N.M. man says Dunkin’ Donuts kicked him out for #waitingwhileblack

A university professor believes waiting in the shop while his car was being serviced was no big deal, but managers there wanted him out and he says it was because of his skin color

Dunkin Donuts


A Dunkin’ Donuts restaurant in New Mexico only gives its customers a limited amount of time to sit and sip their coffee, but an African American man says he was kicked out because of his race.

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Timothy Nelson said that his car was getting fixed at a nearby mechanic’s so he decided to chill and grab a cup of Joe at the Santa Fe shop and wait. But an employee approached him and said that he would have to leave because of the store’s one-hour rule, KOB.com reports.

“It’s as if saying, ‘We don’t need your kind around here. We don’t need your stuff. We don’t need all that you’re bringing around here,’” Nelson said. “‘We don’t need it.'”

Nelson believes he was racially profiled and as a professor at the University of New Mexico, he’s using the hurtful experience as a teachable moment to his students.

“I get what it could look like if you thought I had bad intentions, but that’s where the problem is,” he said. “I don’t think I would have had a problem if I looked different or if I was wearing something different.”

As Dunkin’ Donuts works to restructure its business model, it has been under fire in the past few months over customer treatment.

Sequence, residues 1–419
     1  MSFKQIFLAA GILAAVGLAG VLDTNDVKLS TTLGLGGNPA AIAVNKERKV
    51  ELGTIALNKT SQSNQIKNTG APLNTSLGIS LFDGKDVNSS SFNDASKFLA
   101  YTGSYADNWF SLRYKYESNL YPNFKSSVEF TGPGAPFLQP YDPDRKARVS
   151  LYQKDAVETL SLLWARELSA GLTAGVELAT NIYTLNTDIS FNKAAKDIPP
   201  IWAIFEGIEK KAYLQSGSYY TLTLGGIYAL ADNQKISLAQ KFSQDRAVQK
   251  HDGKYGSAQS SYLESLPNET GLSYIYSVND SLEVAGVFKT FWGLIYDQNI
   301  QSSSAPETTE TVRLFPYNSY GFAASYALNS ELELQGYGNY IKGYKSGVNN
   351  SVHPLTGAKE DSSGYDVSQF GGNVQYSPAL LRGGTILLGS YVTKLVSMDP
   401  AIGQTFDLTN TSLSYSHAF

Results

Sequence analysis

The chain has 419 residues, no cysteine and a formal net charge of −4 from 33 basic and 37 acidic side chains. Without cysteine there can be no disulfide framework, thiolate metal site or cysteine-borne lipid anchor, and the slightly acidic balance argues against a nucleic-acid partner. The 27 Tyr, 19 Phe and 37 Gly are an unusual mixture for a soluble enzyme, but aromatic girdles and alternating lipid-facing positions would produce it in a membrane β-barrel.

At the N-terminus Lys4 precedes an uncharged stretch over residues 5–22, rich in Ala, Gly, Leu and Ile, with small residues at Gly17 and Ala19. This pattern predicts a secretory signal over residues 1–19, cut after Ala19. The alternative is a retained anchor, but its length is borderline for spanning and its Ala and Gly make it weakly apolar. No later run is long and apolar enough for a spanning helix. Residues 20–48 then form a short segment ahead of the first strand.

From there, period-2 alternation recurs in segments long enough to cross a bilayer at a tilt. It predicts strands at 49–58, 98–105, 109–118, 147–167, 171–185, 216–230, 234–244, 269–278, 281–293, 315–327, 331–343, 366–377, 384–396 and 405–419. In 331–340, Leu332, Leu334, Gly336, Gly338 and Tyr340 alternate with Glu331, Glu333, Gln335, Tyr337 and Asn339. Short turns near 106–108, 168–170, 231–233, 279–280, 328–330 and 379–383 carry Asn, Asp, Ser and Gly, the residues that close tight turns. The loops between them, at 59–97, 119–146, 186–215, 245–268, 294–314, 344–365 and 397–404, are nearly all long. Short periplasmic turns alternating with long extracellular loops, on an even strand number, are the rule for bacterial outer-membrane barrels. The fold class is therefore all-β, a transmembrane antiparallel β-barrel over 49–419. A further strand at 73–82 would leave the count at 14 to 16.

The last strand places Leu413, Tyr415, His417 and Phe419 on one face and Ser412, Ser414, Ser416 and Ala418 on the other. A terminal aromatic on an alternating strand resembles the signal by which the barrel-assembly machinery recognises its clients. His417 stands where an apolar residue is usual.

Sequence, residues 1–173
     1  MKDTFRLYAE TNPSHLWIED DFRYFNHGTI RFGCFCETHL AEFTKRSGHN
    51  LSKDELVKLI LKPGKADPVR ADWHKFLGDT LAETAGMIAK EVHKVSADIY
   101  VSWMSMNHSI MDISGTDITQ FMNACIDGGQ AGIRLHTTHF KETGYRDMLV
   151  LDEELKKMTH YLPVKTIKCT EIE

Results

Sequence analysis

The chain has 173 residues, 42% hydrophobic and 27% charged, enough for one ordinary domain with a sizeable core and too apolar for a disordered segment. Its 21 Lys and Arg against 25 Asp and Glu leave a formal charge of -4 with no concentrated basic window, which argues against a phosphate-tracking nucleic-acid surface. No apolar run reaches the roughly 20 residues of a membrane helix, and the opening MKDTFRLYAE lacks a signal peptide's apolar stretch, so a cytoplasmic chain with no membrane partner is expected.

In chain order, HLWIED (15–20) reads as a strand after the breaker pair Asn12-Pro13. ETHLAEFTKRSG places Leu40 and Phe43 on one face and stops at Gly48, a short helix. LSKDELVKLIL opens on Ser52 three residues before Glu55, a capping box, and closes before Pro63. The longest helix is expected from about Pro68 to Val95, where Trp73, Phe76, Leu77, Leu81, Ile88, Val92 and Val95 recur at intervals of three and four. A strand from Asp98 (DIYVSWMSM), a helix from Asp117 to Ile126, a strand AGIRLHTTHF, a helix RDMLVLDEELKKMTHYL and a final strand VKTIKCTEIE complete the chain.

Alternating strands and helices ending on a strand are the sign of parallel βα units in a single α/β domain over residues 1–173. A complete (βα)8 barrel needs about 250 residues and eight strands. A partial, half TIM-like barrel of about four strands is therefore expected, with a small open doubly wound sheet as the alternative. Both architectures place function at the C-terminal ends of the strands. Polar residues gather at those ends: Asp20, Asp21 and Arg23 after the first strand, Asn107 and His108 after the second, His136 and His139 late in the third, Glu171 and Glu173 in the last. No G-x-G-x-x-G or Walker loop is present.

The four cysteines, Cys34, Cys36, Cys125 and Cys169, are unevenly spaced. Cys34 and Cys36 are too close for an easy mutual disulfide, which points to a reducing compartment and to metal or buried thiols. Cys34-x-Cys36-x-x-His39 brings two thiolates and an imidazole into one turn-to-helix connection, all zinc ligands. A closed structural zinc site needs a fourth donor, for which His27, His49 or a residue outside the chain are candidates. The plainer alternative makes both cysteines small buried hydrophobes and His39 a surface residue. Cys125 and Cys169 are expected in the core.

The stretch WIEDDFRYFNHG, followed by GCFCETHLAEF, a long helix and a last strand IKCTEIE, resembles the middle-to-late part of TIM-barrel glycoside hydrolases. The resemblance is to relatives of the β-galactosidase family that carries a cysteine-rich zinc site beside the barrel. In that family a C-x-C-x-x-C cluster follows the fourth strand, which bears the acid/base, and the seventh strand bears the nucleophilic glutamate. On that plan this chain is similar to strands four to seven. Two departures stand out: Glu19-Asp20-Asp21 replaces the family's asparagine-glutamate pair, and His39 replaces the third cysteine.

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Earlier in October, a Somali family in Portland, Me., reported that they were refused service for speaking in their native language at a Dunkin’ Donuts. The franchise owner has since come forward and offered an apology, Maine Public reports.

Hamdia Ahmed, says she and her family were waiting in a drive-thru for someone to take their order, but after they started speaking in their native language she said they were accused of yelling and refused service. Then she says they had the cops called on them.

In June, a sign posted in a Dunkin’ Donuts in Baltimore told customers to report any employees shouting in a language other than English. The franchisee of the store had the sign removed after customer complaints, WBAL-TV reported.

Also, in 2012, parent company Dunkin’ brands was sued for “systemic racial discrimination” by an African American New Jersey couple who accused the company of trying to steer them to open a franchise in poor areas, according to TheStreet.com.

Nelson said a conversation needs to be had about his treatment, especially in such a diverse area.

“I’m not complaining, but (at) this moment we need to talk about this,” he said. “This is New Mexico, bro. You know what I mean? It’s New Mexico.”

Company officials provided KOB with the following statement:

“Dunkin’ and our franchisees share a goal of creating a welcoming and hospitable restaurant environment and treating everyone with dignity and respect. We are aware of the incident that took place at the Dunkin’ location at 1085 S. Saint Francis Drive in Santa Fe.

“The franchisee who owns and operates the restaurant informs us that this incident resulted from a misunderstanding, and that she apologizes to the guest for the poor experience.”

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